According to sources, the Federation of Korea Maritime Industries (FKMI) and the Busan Port Development Association (BPDA) have raised their voices in opposition to the bid made by foreign German liner operator Hapag-Lloyd to acquire South Korea’s flagship container carrier, Hyundai Merchant Marine (HMM).
The FKMI and BPDA, citing concerns over national economic and security implications, have joined forces to block Hapag-Lloyd’s attempt to gain control over HMM. They contend that allowing foreign control of such a pivotal national asset must be prevented at all costs. These industry organizations expressed their dismay, accusing the government of lacking awareness regarding the critical role of shipping in the country.
Korea Development Bank (KDB) and Korea Ocean Business Corp, collectively holding close to 40% of HMM’s shares, initiated the bidding process for their stake on July 20th. Additionally, KDB is in the process of converting some of its HMM convertible bonds into additional shares, which could potentially elevate the state’s ownership stake to 57.87%.
Bidding for HMM concluded recently, followed by an anticipated month-long period of due diligence. During this period, a preferred buyer is expected to emerge. Subsequent negotiations will then take place prior to the finalization of the sale contract.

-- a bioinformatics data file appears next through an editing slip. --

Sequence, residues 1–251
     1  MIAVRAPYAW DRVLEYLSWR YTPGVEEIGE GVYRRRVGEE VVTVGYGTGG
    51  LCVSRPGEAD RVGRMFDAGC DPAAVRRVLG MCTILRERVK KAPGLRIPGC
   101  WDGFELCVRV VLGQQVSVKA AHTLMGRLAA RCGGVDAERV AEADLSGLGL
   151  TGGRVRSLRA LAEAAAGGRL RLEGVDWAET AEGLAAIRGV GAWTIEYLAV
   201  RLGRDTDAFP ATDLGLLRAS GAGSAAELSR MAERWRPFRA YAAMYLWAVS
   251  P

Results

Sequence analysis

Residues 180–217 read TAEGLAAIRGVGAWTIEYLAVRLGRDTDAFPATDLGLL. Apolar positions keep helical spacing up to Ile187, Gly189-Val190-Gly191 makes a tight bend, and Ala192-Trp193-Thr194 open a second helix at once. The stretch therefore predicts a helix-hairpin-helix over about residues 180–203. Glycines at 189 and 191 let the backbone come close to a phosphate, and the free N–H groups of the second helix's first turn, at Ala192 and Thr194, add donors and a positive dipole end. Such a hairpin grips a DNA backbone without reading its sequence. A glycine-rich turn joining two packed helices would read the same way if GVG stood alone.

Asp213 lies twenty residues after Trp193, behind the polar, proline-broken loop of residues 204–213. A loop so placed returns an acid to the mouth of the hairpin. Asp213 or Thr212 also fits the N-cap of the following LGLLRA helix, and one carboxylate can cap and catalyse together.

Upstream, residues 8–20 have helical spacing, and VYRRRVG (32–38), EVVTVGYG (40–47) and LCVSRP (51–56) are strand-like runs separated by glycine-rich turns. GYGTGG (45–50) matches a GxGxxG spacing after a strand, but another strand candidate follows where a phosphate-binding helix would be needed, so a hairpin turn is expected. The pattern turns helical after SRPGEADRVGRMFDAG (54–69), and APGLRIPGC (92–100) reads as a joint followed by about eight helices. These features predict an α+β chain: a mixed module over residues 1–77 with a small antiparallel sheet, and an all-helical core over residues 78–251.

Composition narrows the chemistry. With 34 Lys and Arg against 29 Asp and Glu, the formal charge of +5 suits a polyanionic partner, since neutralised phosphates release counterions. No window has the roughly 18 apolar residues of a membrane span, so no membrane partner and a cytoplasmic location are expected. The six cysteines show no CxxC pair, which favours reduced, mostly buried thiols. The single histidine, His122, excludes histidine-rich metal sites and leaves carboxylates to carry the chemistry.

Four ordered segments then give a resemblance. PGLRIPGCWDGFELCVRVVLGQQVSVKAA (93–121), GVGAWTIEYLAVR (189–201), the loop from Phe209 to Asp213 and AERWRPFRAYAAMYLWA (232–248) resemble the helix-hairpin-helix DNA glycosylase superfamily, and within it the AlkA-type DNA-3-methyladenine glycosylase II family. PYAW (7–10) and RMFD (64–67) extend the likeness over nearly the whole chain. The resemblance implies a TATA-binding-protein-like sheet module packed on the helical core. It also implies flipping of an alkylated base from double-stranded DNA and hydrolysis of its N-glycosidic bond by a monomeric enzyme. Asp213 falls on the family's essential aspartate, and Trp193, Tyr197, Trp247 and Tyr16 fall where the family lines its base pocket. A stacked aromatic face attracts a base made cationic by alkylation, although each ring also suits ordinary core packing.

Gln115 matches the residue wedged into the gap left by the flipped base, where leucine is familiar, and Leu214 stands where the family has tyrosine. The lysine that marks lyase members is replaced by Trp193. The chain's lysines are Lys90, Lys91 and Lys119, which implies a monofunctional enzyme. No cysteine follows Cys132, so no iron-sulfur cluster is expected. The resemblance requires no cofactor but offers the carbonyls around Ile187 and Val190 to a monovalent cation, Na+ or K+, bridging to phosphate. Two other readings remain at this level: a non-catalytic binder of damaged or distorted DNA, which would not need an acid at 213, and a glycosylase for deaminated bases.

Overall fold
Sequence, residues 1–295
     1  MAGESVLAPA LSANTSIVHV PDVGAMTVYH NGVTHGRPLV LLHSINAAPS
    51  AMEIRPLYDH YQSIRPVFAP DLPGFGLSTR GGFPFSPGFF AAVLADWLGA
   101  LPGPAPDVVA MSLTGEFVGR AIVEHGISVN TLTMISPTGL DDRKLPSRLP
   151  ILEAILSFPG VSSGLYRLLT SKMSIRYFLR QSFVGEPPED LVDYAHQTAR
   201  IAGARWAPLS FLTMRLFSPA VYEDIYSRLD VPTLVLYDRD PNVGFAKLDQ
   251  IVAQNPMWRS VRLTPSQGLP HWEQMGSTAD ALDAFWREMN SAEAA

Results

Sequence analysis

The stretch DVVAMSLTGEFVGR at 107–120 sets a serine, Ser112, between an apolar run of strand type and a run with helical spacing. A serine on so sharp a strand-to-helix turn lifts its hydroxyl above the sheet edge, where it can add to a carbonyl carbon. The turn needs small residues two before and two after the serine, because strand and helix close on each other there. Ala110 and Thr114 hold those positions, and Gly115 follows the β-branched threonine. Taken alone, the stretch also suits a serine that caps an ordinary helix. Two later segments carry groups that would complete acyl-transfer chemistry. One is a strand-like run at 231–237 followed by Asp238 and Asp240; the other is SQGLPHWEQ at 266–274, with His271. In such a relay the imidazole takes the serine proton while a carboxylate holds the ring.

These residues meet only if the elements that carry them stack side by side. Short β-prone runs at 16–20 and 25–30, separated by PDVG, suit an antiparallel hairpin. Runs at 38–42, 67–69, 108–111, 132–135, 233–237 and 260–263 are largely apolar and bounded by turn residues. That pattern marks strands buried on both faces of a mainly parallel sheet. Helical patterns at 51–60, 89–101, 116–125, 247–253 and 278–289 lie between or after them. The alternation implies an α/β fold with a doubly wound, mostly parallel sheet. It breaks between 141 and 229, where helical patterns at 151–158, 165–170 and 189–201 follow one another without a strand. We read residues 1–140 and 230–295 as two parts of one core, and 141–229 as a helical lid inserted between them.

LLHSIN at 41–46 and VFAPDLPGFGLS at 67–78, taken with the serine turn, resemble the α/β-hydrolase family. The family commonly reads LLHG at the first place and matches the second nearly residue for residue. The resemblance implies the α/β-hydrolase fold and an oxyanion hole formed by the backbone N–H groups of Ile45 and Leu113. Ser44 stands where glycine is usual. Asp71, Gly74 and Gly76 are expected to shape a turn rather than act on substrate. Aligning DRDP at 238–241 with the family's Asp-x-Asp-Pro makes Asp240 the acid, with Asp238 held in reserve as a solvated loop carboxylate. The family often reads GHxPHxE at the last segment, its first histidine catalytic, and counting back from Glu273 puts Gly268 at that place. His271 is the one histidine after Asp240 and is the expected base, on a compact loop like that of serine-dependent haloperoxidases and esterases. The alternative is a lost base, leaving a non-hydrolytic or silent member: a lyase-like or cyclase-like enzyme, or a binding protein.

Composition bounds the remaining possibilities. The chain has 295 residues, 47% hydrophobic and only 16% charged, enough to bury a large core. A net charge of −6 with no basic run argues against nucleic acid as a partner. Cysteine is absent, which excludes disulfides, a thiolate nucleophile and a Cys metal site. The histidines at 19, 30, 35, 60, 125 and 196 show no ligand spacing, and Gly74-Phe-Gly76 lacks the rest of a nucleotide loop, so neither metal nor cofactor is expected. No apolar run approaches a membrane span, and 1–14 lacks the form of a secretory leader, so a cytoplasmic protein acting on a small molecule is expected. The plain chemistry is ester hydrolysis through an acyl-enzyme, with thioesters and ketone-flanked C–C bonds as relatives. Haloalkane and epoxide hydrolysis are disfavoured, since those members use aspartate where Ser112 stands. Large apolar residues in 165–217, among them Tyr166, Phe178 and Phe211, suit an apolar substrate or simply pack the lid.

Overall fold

FKMI and BPDA voiced their concerns, emphasizing the potential consequences of selling HMM to Hapag-Lloyd. They warned against the potential loss of invaluable national assets, including container transport resources, terminals, and the decades of accumulated industry know-how. Expressing their frustration, they questioned the inclusion of Hapag-Lloyd among the initial bidders. The organizations underscored HMM’s pivotal role in supporting South Korea’s export-driven economy by providing vital shipping services to the country’s exporters.
The joint statement by FKMI and BPDA reads: “In the name of the five million families who depend on the maritime industry, we urge that the sale of HMM to an overseas party be blocked to stabilize our country’s supply chain.”
Multiple contenders have entered the bidding arena, including South Korean logistics group LX Pantos, bulk carrier operator Pan Ocean’s parent company Harim Group, and deep-sea fishing and logistics conglomerate Dongwon Group. However, observers cast doubt on the government’s inclination to allow a foreign entity to take control of HMM. Hapag-Lloyd stands out as a robust contender, with substantial cash reserves exceeding $7 billion.
Meanwhile, Samra Midas Group, the parent company of HMM’s compatriot carrier SM Line, and apparel exporter Global Sae-A, decided against submitting bids, reportedly due to concerns about meeting the anticipated starting price, estimated at $3.8 billion.
The unfolding situation presents a critical juncture for South Korea’s maritime industry, as key stakeholders weigh the potential implications of a foreign takeover bid against the backdrop of economic and security considerations. The decision reached will undoubtedly shape the future trajectory of HMM and its role within the nation’s economic landscape.
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